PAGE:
Supplementary motor area activation is impaired in severe traumatic brain injury parkinsonism

Patrice Péran, Sheila Catani, Chiara Falletta Caravasso, Federico Nemmi, Umberto Sabatini, Rita Formisano

Research output: Contribution to journalArticle


A high percentage of survivors of severe traumatic brain injury present diffuse axonal injury and extrapyramidal symptoms. The association between diffuse cerebral damage and parkinsonian symptoms is probably because of the interruption of nigro-striato-frontal pathways. While functional magnetic resonance imaging (fMRI) has been widely used to investigate parkinsonism in idiopathic Parkinson disease, little is known about functional brain modifications related to post-traumatic parkinsonism (PTP). The aim of this study is to assess cerebral activity of the action-related network in patients with PTP comparing these patients to matched healthy controls. In the fMRI scanner, we proposed to 12 PTP patients and 12 healthy control participants a continuum of tasks involving action-related word production, mental simulation of action, and miming of action triggered by external stimuli such as drawings of objects. Patients with PTP showed a main effect similar to that of healthy controls in all the tasks. Direct comparison revealed hypoactivation of areas in the action-related network in patients with PTP for all the tasks. During the mime of action, which involved actual movement, the hypoactivation was localized to the motor network. Our results suggest that patients with PTP showed a cerebral reorganization for motor tasks in agreement with the cerebral reorganization observed in idiopathic Parkinson disease. For patients with PTP, supplementary motor area impairment seems to play a central role in parkinsonism, in line with the brain reorganization of action-related tasks.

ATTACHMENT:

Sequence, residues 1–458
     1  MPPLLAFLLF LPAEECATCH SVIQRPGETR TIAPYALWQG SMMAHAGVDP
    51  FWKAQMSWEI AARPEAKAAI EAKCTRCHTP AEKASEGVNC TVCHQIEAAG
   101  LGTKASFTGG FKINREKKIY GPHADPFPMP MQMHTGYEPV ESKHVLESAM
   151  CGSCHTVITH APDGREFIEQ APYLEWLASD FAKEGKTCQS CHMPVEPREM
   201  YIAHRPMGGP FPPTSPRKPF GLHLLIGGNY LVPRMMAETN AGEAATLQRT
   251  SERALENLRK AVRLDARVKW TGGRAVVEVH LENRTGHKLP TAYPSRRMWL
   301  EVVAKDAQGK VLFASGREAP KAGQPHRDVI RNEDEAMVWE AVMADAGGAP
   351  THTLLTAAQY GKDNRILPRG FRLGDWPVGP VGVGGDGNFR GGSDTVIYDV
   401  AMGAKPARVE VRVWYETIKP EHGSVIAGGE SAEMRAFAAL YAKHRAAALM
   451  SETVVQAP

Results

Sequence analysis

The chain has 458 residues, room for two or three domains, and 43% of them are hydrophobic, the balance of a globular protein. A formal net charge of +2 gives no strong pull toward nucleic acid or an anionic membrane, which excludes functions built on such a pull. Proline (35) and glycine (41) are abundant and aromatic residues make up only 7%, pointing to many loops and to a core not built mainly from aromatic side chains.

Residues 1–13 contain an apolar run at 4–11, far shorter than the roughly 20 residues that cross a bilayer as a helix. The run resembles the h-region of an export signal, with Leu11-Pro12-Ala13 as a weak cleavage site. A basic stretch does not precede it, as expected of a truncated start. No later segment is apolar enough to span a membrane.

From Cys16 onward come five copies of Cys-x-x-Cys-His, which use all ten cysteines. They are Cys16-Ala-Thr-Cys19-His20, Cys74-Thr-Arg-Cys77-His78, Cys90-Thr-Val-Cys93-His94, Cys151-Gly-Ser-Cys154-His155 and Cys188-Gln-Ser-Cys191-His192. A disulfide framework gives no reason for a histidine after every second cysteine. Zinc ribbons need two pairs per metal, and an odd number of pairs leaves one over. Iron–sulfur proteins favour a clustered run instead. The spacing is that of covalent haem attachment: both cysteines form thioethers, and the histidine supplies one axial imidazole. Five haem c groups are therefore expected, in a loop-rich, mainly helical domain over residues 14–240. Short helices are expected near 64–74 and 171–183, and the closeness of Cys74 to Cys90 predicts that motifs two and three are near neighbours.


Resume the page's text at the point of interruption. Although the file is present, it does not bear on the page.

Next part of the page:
Original languageEnglish
Pages (from-to)642-648
Number of pages7
JournalJournal of Neurotrauma
Issue number7
Publication statusPublished - Apr 1 2014



  • Adult brain injury
  • Head trauma
  • MRI
  • Parkinsonism

ASJC Scopus subject areas

  • Clinical Neurology

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